In G 9/91 and G 10/91 (OJ 1993, 408 and 420) the Enlarged Board held that R. 76(2)(c) EPC (former R. 55(c) EPC 1973) made sense only when interpreted as having the double function of governing (together with other provisions) the admissibility of the opposition and of simultaneously establishing the legal and factual framework within which the substantive examination of the opposition was in principle to be conducted.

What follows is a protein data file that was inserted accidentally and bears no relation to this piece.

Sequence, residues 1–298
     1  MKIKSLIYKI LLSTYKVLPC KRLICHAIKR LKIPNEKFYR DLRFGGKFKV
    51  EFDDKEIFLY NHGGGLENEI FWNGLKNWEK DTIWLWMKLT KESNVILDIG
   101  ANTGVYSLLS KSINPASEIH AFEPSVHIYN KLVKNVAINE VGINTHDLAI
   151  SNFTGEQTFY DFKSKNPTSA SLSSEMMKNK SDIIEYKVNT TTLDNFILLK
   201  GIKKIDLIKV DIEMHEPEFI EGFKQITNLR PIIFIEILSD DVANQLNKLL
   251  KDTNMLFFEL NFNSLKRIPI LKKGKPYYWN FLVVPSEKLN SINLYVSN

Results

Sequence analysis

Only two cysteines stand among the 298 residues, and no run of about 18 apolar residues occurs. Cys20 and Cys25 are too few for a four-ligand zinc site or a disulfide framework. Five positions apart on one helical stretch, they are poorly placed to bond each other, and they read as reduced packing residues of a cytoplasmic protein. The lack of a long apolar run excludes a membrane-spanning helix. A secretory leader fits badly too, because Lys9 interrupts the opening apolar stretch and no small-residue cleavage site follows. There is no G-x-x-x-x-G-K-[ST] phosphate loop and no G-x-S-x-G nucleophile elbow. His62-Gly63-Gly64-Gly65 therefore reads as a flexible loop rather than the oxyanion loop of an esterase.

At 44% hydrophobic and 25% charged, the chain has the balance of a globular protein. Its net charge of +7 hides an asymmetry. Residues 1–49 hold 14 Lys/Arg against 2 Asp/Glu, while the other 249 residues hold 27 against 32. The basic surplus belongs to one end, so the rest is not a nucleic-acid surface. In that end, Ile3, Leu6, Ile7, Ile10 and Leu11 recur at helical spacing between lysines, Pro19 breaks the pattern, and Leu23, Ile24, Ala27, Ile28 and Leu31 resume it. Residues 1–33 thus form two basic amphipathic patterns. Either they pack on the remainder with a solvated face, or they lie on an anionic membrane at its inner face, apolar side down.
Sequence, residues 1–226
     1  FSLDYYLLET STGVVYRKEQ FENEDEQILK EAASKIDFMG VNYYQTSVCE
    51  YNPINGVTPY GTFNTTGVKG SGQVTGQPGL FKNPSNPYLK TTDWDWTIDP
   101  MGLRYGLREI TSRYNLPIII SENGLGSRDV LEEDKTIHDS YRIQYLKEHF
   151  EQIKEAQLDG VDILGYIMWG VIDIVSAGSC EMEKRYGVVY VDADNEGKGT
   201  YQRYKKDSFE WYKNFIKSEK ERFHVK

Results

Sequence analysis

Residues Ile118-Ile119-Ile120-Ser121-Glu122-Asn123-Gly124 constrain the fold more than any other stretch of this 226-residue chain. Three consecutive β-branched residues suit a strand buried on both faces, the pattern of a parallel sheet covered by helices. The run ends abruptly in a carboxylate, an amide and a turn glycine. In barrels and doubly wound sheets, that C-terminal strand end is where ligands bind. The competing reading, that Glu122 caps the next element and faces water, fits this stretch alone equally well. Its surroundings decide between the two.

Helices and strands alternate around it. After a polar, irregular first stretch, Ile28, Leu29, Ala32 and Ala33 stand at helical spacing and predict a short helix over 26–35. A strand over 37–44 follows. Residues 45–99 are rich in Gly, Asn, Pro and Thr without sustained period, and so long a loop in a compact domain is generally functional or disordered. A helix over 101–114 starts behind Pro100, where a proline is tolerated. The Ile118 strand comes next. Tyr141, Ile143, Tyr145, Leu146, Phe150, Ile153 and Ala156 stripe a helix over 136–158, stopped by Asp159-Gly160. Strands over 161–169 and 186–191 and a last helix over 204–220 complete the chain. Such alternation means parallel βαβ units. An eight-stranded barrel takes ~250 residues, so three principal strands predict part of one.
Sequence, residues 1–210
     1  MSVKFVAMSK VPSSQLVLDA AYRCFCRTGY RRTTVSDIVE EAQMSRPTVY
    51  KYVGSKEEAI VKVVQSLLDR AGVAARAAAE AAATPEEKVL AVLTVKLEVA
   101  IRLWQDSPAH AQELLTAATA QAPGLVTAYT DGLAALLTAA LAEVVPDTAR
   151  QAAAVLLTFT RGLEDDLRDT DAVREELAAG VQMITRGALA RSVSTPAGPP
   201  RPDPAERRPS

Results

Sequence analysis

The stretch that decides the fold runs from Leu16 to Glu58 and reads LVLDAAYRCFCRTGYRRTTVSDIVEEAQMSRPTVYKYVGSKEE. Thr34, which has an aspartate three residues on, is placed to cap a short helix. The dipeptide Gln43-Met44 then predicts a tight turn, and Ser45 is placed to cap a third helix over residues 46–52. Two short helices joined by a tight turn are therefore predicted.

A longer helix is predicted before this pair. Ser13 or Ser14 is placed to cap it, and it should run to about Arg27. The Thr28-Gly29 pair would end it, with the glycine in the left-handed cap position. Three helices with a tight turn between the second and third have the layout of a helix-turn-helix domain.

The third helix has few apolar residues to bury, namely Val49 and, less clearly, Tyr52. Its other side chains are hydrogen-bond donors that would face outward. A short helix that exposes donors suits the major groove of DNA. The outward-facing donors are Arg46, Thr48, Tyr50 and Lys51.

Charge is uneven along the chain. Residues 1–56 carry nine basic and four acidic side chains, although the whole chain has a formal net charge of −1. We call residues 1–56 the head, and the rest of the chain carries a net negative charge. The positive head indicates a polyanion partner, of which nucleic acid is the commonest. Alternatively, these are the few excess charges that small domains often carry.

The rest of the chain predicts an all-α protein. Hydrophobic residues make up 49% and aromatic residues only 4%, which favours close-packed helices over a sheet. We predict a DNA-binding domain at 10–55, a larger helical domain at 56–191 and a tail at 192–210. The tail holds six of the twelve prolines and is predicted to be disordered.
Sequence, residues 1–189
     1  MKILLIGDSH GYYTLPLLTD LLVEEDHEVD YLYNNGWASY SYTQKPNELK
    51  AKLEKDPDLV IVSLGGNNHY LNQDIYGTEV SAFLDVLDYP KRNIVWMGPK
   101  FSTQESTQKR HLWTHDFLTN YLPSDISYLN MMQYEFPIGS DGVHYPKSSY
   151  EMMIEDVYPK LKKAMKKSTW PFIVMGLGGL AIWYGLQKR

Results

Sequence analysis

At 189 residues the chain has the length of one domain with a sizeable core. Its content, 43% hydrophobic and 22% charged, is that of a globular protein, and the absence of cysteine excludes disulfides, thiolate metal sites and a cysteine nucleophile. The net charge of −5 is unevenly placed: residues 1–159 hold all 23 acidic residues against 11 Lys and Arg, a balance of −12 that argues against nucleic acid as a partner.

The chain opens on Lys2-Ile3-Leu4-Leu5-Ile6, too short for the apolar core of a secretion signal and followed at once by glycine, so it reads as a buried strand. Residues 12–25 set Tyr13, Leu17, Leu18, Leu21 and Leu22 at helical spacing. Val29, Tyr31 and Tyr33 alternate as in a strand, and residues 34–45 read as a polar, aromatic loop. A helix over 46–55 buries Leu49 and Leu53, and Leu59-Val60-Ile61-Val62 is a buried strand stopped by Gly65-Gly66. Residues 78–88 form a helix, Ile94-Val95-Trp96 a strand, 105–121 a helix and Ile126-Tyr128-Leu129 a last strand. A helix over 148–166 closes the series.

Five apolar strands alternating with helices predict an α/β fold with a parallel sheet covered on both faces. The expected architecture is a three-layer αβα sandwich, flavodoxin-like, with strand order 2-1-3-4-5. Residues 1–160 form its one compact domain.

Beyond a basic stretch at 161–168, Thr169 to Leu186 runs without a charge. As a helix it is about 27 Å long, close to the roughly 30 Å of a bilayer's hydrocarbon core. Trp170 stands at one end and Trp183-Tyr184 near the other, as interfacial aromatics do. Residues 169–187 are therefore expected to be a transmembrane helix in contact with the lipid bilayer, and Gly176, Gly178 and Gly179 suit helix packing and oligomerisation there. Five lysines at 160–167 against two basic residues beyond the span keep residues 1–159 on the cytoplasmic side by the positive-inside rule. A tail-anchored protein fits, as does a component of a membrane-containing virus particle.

The legal framework of an opposition case is defined solely by (i) the extent to which the patent is actually opposed and (ii) the grounds upon which it is opposed, whilst its factual framework is determined by the facts, evidence and arguments adduced and set out in the notice of opposition pursuant to R. 76(2)(c) EPC. It is thus self-evident that neither grounds not actually supported by such facts, evidence and arguments, nor claims not actually opposed (as distinct from being merely formally mentioned in the notice of opposition) can be properly regarded as making up the "legal and factual framework" of the opposition (T 737/92). A distinction has to be made between the two main requirements of R. 76(2)(c) EPC, i.e. the indication of the extent to which the European patent is opposed and the grounds for opposition.